Department Colloquia

The Physics Department Colloquia are held at 11:30 am Tuesdays in Gzang 122.

Fall 2023

Berko Symposium

September 5, 2023

Sagar Addepalli:  Searching for New Physics in the Higgs sector 

Abstract: Between 2015 and 2018, the ATLAS experiment at the LHC recorded proton-proton collision data at an unprecedented center-of-mass energy of 13 TeV corresponding to an integrated luminosity of 139 fb-1. This large dataset allows us to study the Higgs boson’s properties with much higher precision than ever before, opening up the hunt for inconsistencies between the Standard Model predictions and measurements. In this talk, I will present our latest measurement of the cross section of Higgs bosons produced via vector boson fusion and reconstructed in final states containing two W bosons. Despite the distinct signature typical of this final state and the relatively high production rate, many other processes lead to the same final state, making it challenging to isolate the signal. We use cutting-edge machine learning-based methods to enhance the precision on our measurements while ensuring low model dependencies, which is imperative for robust interpretation of these results. The interpretation of this measurement in the framework of Effective Field Theories allows us to set constraints on anomalous couplings of the Higgs boson.

Saptorshi Ghosh: Optimal control of bulk active fluids

Abstract: Being intrinsically non-equilibrium, active materials have the ability to perform functions that would be thermodynamically forbidden in passive materials. However, active systems exhibit diverse local attractors that correspond to distinct dynamical states, many of which exhibit chaotic turbulent-like dynamics. Designing such a system to choose a specific dynamical state to perform a desired function is a formidable challenge. Motivated by recent advances enabling optogenetic control of experimental active materials, we use optimal control theory to identify spatiotemporal sequences of light-generated activity that direct the dynamics of active matter towards a predetermined steady-state. We put this framework to the test in two scenarios: a dry polar fluid that forms asters and propagating stripes, and a wet nematic fluid whose natural dynamics are chaotic and mediated by defect motion. The findings in these studies offer a roadmap, showcasing how optimal control methods can be harnessed to craft structure, dynamics, and function across a wide spectrum of active materials.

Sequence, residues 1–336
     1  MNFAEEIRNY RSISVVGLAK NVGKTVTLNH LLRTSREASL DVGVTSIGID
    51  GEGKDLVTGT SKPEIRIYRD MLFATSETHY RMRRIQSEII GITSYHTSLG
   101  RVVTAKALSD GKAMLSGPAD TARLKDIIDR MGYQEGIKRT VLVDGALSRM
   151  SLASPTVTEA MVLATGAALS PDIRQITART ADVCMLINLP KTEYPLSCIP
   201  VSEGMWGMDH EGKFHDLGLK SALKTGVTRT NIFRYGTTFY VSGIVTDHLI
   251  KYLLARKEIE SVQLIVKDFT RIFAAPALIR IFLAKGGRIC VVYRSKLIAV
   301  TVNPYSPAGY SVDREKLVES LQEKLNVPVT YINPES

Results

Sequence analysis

Enabling New Discoveries: Designing and building new detectors for the High-Luminosity LHC

September 19, 2023

Gabriella Sciolla, Brandeis University

AbstractIn ten years of operation, the Large Hadron Collider (LHC) has made major strides in our understanding of Particle Physics: the Higgs boson was discovered and its properties have been measured. So far, all measurements point toward yet another confirmation of the Standard Model of Particle Physics. However, we know that New Physics beyond the Standard Model must exist. The High-Energy Physics community is gearing up to upgrade both the LHC accelerator and detectors to boost our sensitivity to New Physics in what is known as the High-Luminosity LHC (HL-LHC) program.

In this talk I will summarize what motivates this upgrade, how we are designing new detectors to meet the challenges presented by a high-luminosity collider, and what physics the HL-LHC will unlock.


October 3, 2023

Brandeis 75th Anniversity Alumni Speaker

Netta Engelhardt, MIT


Physics and the Origins of Life

October 17, 2023

Robijn Bruinsma, UCLA

Abstract: The self-assembly of closed membranes and the self-replication of nucleic acids play a central role in current attempts to recreate the earliest living systems. The colloquium will discuss experiments that highlight aspects of the assembly, growth and division of proto-cells under laboratory conditions and the physical mechanisms that are involved. A focus of the colloquium will be on the question how proto-cells could capture free energy from the environment to power these processes.


October 31, 2023

Ken Olum, Tufts University

November 14, 2023

Lydia Bourouiba, MIT


November 28, 2023

Luca Comisso, Columbia University